German chancellor Angela Merkel has met with the wife of a Chinese rights lawyer detained incommunicado for several months, during her trip to.
Merkel met with Xu Yan, wife of rights attorney Yu Wensheng, who was initially placed under criminal detention on Jan. 19, on suspicion of “obstructing public servants in the course of their duties,” Xu and rights activists said via social media.
“The two sides exchanged views on the #HumanRights situation in China,” Amnesty International research William Nee translated one tweet as saying.
After his detention, Yu was transferred from Beijing to Jiangsu’s Xuzhou city with the addition of the more serious charge of “incitement to subvert state power,” and has been held since with no access to a defense lawyer, or family visits.
Yu has been identified by London based rights group Amnesty International as being “at risk of torture” while he remains in incommunicado detention.
Repeated calls to Xu’s phone rang unanswered on Friday.
Beijing-based rights activist Ni Yulan, a friend and supporter of Xu’s, said she may be keeping a low profile while Merkel, who is leading a large business delegation on this visit, remains in the country.
“Xu Yan posted this photograph online, but then she didn’t give any other details, such as the time of the meeting, or under what circumstances,” Ni told RFA.
“I think it’s a very positive development that Merkel is visiting China right now, because she and other German officials are very concerned about the human rights situation in China,” she said. “They always meet with human rights workers and lawyers when they come to China, to try to understand the situation better.”
Fellow rights attorney Tan Yongpei was less sure, however.
“There is no likelihood that the Chinese government will accede to Merkel’s demands, so it’s possible that this is going to be counterproductive, especially in the case of Yu Wensheng,” Tan told RFA.
“There is no way that the Chinese government is going to let lawyers speak the truth; you will be safe only if you keep your head down,” he said.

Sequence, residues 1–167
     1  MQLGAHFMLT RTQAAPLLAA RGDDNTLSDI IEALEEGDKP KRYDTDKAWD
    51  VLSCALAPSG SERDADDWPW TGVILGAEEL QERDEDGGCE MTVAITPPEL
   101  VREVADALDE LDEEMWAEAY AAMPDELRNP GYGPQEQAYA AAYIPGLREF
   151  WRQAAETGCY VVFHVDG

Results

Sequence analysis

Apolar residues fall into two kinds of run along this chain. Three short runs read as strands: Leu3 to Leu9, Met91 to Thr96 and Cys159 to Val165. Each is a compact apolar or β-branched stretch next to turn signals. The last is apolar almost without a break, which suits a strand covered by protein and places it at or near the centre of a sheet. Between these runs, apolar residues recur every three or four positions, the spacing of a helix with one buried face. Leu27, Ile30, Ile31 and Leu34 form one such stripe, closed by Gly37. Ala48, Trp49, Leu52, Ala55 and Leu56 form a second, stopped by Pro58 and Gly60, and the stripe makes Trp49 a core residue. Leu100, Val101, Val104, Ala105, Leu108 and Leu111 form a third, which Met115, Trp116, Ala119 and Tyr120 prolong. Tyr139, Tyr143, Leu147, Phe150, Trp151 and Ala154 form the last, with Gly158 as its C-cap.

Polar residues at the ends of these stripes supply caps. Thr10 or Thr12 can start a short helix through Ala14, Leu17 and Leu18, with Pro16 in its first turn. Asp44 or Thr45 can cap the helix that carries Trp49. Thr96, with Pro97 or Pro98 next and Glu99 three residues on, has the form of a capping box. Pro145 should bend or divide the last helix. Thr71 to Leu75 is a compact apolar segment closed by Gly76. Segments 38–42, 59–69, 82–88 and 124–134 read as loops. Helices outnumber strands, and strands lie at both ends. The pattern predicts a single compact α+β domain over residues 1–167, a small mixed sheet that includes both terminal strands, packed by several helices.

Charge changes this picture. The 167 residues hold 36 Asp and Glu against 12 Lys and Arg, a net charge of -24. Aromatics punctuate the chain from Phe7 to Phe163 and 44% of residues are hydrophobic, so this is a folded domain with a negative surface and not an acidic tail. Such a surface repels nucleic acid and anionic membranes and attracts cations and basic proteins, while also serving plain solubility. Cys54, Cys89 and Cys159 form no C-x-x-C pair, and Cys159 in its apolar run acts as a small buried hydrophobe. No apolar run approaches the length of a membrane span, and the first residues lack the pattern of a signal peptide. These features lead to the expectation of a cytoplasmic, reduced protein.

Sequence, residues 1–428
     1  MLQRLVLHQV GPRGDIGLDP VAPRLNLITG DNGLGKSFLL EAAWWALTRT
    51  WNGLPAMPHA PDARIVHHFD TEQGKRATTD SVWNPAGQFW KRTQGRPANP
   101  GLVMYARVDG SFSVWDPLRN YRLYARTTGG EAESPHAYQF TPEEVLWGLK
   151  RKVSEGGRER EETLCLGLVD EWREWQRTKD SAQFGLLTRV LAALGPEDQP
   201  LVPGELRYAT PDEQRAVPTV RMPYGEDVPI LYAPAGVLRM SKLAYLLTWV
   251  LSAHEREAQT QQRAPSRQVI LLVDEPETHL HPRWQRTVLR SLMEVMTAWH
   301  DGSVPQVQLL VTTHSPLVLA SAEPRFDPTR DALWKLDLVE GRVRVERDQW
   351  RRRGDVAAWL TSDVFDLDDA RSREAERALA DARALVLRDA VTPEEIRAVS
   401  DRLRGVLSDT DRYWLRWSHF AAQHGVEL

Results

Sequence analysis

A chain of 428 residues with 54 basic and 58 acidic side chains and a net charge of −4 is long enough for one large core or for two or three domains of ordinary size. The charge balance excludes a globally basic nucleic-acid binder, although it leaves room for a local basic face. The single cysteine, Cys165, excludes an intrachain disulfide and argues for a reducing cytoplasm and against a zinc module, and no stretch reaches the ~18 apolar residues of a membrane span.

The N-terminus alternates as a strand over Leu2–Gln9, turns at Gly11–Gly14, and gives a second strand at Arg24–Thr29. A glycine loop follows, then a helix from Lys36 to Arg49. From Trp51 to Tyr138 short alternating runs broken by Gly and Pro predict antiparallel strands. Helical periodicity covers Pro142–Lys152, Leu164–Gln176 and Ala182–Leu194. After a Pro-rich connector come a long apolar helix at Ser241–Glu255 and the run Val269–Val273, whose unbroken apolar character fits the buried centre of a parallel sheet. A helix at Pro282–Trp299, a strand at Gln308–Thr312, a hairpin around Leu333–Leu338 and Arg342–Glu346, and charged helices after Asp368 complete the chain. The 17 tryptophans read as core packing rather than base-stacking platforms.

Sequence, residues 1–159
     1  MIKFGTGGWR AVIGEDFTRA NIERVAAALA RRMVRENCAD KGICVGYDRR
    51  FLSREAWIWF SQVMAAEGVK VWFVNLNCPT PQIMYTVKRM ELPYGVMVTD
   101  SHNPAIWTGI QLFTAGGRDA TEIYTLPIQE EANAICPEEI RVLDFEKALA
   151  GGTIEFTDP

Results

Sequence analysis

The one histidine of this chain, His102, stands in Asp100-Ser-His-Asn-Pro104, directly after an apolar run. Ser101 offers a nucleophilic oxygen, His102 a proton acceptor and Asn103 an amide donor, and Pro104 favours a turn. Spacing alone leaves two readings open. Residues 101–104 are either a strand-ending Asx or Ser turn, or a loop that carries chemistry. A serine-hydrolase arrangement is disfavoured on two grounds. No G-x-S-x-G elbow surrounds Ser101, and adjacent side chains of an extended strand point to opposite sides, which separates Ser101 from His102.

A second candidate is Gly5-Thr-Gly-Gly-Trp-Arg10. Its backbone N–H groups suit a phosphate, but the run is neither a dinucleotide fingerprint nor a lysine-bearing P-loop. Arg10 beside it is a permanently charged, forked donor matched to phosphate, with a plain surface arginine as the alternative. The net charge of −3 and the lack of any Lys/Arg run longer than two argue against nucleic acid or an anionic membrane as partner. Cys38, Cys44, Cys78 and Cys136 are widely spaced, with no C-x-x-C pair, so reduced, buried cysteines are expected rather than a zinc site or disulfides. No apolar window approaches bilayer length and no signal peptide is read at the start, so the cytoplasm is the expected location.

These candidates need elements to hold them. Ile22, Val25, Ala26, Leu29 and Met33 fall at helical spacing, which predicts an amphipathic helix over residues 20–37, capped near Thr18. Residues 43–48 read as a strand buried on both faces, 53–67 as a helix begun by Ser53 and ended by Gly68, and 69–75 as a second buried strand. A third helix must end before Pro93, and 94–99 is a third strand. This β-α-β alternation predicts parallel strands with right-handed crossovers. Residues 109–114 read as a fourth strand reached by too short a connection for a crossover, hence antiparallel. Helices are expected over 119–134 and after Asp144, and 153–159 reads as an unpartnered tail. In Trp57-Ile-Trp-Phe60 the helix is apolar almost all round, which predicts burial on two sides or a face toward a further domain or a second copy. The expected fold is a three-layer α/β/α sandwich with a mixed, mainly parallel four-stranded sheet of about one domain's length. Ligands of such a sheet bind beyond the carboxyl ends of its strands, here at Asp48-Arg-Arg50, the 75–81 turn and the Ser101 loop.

Concerns about Liu Xia
When Merkel met with Chinese Premier Li Keqiang on Thursday, she also raised concerns about Liu Xia, widow of late Nobel peace laureate and political prisoner Liu Xiaobo.
Although she has never been accused of any crime, Liu Xia has been held under house arrest or close surveillance since her husband’s award was announced in October 2010, and suffers from severe depression.
She has repeatedly requested permission to leave China to seek medical treatment, but the authorities appear to be reluctant to allow this to happen.
In Beijing, foreign ministry spokesman Lu Wei said Liu Xia’s case isn’t a diplomatic matter.
“She is a Chinese citizen and the relevant authorities of the Chinese government will protect her legal rights according to our own laws and properly handle the relevant matters,” Lu told a regular news briefing.
The meeting with Merkel comes after Xu received notification from authorities in Xuzhou that they wouldn’t make any changes to her husband’s status following repeated bail applications from his family and supporters.
“On May 22, I recevied notification of no changes to coercive measures,” Xu told RFA earlier this week. “The defense lawyer was expecting this, but it’s still very disappointing from the point of view of his family members.”
“This means he will not be allowed to go home,” she said.
China’s embattled legal profession has been targeted with more than 300 detentions, summons, travel bans, and restrictions imposed on rights lawyers, activists and law firm staff since July 2015.
Rights lawyers who accept politically “sensitive” cases, or who are publicly outspoken on behalf of vulnerable groups, have also been prevented from practicing law because their business licenses are being revoked during a newly instituted annual review process.
Lawyers who try to defend clients held on suspicion of crimes ostensibly linked to “state security” concerns are also denied permission to meet with their clients, or are replaced by government appointed lawyers amid threats and pressure on the people who hired them.
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